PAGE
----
Although diabetes is one of the most common illnesses found in children, you can never tell just by looking at someone if they have juvenile diabetes or not. The number of celebrities and athletes that have diabetes might surprise you. I will profile some of them this month for the diabetics out there to see just how normal (in a celebrity’s case, how extraordinary) life can be with diabetes.
For starters, the most famous person living with juvenile diabetes may be Mary Tyler Moore. A star of her own sitcom in the 1970s (The Mary Tyler Moore Show), Moore pioneered the movement to cure juvenile diabetes by becoming a face for juvenile diabetes. Today, she is the international chair for JDRF.
She is a five-time Emmy winner for her role on the Mary Tyler Moore show, but she now spends her days lobbying for action on Capitol Hill. Moore tells people that finding a cure for diabetes is a “national responsibility” and that a cure must be found so the children living with diabetes can “avoid their own morality.”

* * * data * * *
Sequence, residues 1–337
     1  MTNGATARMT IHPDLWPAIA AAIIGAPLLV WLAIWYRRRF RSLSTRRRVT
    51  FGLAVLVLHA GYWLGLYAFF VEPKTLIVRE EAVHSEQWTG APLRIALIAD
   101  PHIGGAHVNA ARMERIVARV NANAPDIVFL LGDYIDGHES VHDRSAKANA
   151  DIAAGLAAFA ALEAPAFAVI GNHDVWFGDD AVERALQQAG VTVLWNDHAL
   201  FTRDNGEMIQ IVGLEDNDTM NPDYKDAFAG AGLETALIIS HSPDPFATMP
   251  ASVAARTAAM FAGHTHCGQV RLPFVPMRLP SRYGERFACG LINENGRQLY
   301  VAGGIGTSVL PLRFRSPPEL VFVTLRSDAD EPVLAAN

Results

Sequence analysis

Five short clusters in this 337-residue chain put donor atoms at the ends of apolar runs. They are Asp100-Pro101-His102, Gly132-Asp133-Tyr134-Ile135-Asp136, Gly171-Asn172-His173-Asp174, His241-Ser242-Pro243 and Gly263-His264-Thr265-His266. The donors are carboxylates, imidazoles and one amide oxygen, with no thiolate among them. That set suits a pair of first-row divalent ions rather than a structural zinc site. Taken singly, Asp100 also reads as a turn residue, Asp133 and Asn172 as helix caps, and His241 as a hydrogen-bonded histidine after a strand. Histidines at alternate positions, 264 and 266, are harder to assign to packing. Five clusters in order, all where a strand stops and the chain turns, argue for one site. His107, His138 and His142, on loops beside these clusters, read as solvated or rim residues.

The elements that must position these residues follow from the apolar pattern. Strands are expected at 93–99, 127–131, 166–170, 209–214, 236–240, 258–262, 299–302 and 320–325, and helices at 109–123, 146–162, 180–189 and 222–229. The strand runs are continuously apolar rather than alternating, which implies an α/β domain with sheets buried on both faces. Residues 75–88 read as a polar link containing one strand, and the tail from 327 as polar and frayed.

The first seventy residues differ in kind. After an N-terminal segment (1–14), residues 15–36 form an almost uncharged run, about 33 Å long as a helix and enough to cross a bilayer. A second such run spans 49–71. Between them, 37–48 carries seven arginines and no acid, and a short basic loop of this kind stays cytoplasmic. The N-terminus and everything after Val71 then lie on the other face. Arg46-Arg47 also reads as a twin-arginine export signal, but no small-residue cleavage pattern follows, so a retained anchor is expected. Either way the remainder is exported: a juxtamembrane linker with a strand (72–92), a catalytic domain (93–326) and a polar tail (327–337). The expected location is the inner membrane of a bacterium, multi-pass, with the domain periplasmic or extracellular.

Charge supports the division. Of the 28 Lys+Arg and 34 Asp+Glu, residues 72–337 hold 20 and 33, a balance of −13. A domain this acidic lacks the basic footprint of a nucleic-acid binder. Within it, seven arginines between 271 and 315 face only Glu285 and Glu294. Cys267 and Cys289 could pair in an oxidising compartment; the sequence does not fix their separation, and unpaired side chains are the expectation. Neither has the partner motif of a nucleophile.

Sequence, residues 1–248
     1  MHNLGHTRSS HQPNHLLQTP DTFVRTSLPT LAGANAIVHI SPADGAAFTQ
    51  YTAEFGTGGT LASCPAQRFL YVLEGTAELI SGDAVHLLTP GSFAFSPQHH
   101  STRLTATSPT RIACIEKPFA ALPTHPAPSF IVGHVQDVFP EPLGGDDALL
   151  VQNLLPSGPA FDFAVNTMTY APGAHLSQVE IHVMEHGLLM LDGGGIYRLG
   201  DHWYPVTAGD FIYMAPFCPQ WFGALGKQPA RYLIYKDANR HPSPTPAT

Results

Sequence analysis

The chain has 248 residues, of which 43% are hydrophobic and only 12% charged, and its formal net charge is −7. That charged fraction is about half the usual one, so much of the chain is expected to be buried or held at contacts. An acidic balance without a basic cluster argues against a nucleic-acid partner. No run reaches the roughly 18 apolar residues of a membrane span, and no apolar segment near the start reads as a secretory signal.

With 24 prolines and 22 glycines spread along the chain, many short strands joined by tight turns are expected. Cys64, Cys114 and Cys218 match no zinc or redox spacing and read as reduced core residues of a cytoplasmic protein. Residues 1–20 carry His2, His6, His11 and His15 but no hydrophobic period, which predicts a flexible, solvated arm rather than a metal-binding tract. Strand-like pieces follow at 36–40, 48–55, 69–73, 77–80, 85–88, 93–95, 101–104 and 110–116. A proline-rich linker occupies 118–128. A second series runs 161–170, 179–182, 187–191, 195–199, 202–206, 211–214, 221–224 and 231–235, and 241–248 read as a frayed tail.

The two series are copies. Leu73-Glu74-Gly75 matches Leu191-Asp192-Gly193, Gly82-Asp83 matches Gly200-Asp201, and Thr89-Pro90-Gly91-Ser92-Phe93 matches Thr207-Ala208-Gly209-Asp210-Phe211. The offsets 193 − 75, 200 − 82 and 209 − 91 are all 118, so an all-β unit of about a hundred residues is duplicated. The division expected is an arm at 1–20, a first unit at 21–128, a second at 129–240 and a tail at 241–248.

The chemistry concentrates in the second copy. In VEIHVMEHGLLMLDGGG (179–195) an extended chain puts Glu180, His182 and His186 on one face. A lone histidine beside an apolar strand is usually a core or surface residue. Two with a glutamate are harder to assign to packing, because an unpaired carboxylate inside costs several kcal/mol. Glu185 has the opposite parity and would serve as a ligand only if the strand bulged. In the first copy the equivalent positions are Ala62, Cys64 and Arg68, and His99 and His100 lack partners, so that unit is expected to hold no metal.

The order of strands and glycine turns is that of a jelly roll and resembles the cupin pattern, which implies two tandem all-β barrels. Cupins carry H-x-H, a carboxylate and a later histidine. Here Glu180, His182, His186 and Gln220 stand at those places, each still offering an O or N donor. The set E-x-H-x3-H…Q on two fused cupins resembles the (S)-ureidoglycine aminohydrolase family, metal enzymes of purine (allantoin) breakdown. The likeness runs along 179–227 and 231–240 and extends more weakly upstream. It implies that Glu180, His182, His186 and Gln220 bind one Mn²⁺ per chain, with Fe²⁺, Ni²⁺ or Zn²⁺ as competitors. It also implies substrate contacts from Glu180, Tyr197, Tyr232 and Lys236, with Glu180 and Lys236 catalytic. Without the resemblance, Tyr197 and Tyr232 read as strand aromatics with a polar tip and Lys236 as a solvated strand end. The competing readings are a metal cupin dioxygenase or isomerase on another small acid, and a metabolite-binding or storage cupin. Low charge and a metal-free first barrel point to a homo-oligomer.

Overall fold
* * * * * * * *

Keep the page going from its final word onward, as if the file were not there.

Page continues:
Moore risked stigmatization in the television industry for having juvenile diabetes. Luckily, she never let it get in her way, and actors today do not have to worry about having diabetes because she was the front-runner for proving that diabetes does not have to stop people from living their dreams.
By becoming an advocate for juvenile diabetes in the 1980s (she was diagnosed in the 1960s), Moore helped increase research dollars from $3 million to $50 million annually. Her impact on the diabetic community has been extreme, and all who are affected by juvenile diabetes will remember her work in the name of a cure.